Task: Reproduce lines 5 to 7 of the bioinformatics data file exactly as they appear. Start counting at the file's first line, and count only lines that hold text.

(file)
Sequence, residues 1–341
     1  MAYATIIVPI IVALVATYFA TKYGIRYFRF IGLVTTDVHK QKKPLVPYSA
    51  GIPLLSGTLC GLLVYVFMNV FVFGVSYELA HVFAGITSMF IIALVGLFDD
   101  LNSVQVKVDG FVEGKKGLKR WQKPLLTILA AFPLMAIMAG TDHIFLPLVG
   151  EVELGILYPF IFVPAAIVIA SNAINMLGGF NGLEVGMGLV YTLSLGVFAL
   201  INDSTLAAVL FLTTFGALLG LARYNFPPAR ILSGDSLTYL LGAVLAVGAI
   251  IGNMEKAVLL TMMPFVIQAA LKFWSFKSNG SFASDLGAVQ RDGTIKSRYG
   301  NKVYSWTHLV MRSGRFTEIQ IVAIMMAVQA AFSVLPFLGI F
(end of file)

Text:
   151  EVELGILYPF IFVPAAIVIA SNAINMLGGF NGLEVGMGLV YTLSLGVFAL
   201  INDSTLAAVL FLTTFGALLG LARYNFPPAR ILSGDSLTYL LGAVLAVGAI
   251  IGNMEKAVLL TMMPFVIQAA LKFWSFKSNG SFASDLGAVQ RDGTIKSRYG